The Picture of Dorian Gray is, in a nutshell, a story about a good-looking young male who sells his soul in exchange for eternal youth. It takes place in a setting of aestheticism and decadence when many are out for themselves and every relationship is one of convenience. It also takes place among the "new hedonists" of the Victorian era.
I believe that there has always been an obsession with maintaining youth, beauty, and appearances (physical and social). However, in my own lifetime (born in the 1980s), I have witnessed this obsession escalate, especially in the last ten years. I mean seriously, look at all the celebrity tabloid periodicals and "news" programs out now. They seem to have doubled since the year 2004 and also seems to affect the way many in the general populous view themselves and those around them.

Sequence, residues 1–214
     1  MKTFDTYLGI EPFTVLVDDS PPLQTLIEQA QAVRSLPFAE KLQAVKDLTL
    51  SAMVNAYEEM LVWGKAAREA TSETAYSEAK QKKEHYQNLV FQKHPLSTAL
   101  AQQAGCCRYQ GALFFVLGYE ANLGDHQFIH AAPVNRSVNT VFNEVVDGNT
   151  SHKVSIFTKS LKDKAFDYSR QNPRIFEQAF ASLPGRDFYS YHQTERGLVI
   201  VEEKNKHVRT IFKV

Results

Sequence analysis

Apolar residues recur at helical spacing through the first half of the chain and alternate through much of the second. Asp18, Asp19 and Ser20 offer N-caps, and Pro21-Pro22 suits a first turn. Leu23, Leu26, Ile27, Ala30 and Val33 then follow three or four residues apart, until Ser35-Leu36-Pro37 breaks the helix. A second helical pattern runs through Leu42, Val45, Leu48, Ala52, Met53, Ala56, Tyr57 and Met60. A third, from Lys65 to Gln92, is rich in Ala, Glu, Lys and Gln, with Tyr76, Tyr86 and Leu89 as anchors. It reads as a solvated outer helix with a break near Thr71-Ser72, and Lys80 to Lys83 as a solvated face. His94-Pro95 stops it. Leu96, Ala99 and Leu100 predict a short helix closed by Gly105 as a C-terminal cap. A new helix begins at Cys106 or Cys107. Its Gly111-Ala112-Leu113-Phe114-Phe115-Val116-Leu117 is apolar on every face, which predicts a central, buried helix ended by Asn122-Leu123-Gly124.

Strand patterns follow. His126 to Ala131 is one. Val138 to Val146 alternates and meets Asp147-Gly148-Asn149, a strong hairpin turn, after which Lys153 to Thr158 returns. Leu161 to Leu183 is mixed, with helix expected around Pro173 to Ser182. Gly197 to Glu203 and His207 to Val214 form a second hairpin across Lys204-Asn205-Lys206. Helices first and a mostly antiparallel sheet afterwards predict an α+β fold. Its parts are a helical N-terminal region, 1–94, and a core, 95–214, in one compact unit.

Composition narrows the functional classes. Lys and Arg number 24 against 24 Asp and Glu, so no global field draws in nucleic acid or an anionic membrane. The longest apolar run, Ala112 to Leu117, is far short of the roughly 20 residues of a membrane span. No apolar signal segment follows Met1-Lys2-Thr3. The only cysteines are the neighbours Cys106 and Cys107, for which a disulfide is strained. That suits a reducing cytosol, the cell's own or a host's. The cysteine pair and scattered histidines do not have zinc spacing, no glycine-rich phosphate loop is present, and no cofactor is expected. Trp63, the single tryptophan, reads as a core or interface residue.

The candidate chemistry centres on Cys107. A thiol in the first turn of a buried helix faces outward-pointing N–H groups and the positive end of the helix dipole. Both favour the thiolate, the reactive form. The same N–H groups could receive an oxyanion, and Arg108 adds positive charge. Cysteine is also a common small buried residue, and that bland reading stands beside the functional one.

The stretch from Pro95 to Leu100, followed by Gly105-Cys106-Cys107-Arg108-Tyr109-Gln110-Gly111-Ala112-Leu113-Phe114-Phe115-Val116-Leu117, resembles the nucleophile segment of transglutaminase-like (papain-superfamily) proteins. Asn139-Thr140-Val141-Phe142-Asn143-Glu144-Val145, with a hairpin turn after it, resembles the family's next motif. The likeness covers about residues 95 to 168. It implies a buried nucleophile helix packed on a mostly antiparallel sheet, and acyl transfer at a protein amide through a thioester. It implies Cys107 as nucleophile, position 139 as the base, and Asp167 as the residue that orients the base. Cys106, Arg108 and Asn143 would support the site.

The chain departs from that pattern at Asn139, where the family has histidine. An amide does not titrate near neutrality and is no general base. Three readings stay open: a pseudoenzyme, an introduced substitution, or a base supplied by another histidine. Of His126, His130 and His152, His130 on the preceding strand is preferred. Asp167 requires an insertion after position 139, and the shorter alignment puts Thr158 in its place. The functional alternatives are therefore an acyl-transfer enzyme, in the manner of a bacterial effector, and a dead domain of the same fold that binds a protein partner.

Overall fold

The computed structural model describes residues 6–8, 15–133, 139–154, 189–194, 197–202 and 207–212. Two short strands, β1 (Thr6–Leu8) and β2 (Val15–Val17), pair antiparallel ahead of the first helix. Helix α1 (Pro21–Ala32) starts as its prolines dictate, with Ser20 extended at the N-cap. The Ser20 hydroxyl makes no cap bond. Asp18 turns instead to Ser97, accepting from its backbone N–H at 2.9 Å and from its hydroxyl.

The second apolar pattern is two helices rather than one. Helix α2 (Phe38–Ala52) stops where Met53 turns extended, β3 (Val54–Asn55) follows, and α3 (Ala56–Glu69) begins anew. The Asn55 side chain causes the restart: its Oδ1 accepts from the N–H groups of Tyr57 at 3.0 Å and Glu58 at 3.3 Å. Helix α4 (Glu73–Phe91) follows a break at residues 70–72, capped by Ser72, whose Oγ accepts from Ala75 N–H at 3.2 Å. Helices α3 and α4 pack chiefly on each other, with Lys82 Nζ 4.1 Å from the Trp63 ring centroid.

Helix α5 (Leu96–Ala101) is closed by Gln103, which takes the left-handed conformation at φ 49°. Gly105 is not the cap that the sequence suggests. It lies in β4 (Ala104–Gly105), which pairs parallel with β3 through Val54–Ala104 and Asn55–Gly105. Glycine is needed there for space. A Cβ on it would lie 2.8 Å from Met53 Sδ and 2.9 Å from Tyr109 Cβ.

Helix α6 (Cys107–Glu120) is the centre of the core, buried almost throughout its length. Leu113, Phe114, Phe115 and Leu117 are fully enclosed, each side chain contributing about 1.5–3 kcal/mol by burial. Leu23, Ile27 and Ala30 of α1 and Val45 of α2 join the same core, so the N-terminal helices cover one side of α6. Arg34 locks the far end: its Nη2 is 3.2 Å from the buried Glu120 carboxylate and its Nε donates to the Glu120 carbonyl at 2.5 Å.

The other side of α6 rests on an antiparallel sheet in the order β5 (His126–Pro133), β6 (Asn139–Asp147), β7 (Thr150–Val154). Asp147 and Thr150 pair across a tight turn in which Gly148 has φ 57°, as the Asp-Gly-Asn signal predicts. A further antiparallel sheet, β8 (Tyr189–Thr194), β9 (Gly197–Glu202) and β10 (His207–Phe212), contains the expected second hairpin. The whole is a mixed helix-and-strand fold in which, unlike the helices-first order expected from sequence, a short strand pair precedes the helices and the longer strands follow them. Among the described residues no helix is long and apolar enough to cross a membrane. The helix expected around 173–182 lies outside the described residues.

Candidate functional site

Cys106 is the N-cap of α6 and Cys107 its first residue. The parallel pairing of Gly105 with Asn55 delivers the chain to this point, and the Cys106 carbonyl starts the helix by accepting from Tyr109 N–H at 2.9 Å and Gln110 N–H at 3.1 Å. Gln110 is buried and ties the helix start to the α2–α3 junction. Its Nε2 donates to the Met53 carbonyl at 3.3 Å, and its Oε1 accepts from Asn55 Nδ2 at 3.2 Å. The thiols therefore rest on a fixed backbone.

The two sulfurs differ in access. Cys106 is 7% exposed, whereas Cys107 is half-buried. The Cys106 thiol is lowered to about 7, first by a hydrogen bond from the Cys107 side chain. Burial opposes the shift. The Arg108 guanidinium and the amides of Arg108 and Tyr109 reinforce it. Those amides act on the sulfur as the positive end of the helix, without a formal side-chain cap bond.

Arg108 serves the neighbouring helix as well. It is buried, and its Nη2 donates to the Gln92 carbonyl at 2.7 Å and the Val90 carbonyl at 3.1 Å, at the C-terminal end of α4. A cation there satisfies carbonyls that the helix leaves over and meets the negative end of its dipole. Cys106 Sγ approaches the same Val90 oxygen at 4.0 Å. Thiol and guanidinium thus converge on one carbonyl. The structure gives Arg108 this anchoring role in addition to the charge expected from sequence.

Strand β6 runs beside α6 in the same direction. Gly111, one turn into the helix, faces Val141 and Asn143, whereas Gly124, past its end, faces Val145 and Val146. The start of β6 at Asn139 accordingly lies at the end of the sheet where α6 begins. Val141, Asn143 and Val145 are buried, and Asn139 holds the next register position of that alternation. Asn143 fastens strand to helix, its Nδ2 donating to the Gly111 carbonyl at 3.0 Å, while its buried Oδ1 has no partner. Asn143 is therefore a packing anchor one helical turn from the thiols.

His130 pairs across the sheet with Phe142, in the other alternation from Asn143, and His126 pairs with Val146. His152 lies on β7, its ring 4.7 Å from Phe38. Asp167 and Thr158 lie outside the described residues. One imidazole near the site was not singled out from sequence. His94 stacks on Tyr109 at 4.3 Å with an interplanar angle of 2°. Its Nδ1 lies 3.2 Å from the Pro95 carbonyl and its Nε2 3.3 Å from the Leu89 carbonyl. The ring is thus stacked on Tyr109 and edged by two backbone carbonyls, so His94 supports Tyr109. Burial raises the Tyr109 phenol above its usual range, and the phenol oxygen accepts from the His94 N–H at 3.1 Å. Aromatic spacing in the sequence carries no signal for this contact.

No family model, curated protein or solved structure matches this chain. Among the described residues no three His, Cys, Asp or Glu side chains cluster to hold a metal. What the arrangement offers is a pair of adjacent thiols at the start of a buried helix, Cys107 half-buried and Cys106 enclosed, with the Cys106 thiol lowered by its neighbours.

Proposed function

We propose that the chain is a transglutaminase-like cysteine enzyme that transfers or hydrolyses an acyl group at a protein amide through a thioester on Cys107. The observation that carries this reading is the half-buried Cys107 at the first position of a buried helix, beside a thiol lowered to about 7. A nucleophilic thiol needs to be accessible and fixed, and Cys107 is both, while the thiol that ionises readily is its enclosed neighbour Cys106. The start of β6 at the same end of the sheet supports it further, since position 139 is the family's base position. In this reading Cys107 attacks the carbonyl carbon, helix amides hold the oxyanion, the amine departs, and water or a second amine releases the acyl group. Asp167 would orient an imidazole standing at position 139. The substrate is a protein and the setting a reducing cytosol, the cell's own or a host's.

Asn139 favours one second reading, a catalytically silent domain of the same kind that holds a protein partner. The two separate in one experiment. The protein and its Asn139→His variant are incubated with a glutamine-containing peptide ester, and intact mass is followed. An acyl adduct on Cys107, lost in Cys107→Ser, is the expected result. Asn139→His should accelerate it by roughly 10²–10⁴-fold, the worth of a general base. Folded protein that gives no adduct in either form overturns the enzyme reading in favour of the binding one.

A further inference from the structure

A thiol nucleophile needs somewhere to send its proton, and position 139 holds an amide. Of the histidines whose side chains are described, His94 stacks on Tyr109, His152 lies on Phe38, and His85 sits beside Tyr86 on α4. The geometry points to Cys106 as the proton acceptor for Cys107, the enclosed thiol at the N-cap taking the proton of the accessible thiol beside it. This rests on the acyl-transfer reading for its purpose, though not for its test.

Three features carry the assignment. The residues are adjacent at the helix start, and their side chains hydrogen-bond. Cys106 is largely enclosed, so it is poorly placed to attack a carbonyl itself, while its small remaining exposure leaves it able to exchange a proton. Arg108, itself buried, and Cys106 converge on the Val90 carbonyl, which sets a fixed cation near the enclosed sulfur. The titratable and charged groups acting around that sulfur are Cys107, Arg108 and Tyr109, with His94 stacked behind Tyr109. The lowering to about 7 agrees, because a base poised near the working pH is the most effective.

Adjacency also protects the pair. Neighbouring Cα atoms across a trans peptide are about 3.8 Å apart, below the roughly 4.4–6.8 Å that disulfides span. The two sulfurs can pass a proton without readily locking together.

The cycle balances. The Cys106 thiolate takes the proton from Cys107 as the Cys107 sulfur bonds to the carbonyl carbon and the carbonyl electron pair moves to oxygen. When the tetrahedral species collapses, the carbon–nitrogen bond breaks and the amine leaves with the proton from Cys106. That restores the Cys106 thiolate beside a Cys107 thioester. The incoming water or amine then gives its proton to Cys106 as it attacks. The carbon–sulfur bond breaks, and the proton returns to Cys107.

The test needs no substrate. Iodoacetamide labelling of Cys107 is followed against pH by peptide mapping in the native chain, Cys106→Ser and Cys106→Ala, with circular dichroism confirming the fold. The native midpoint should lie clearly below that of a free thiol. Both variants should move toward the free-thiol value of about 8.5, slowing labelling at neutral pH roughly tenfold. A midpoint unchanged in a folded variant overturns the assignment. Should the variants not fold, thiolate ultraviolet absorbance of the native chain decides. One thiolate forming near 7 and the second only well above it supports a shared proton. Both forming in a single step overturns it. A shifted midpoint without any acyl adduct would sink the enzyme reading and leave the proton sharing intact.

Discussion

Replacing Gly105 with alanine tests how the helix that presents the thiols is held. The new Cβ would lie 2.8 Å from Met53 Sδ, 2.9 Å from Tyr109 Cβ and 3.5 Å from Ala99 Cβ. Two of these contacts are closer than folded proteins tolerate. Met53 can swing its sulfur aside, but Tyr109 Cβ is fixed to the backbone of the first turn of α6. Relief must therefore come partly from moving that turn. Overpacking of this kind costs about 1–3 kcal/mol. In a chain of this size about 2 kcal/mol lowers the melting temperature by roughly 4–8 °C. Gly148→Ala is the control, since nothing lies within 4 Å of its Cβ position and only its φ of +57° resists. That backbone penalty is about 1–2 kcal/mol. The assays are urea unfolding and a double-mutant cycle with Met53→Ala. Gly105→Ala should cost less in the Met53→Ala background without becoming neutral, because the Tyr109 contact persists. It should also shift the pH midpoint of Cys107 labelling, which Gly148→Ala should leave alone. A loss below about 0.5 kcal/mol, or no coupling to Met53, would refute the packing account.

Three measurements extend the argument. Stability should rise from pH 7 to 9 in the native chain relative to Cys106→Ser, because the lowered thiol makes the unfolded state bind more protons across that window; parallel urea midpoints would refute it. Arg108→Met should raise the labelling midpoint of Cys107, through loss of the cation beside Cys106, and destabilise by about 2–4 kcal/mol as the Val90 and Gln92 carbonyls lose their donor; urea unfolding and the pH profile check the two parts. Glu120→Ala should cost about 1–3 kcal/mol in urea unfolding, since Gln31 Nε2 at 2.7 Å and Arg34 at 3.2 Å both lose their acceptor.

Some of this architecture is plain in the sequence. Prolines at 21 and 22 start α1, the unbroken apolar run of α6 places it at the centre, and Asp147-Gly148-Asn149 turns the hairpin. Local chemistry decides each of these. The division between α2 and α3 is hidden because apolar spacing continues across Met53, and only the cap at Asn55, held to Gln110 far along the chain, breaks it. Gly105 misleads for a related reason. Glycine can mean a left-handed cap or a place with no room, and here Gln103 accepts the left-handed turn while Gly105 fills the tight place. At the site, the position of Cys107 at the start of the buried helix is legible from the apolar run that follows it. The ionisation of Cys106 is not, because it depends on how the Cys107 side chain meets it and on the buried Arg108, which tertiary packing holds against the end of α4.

For instance, who remembers Madonna's Superbowl Halftime show from back in 2012? And now, who also remembers all the snarky "grandma" comments hurled at a 50-something Madonna over the interwebs? Like being a grandma is a bad thing? I personally love my grandma. And my mom is a grandma now (to my two adorable nephews). So does that mean she should be ridiculed now everytime she leaves the house?
In addition to that, even us under 50ers have that annoying clock in front of us:
"You're 25? Oh! You're a quarter of a century old! It's the beginning of the end!"
"You're 30? It only goes downhill from here!"
"You're 40? Well, I guess you look great for your age."

Yes, I do hate the whole notion of a person 'looking great for their age.' Why can't people just look great, period?
Many of us do just want to live our lives, but then we have everything from the media to the medical community and insurance companies there to cheerfully remind us of how old and decrepit we are getting with each passing year (SIDE NOTE: this is one reason I went a more holistic route when it comes to medicine and lifstyle, where we feel that people can actually get BETTER with age).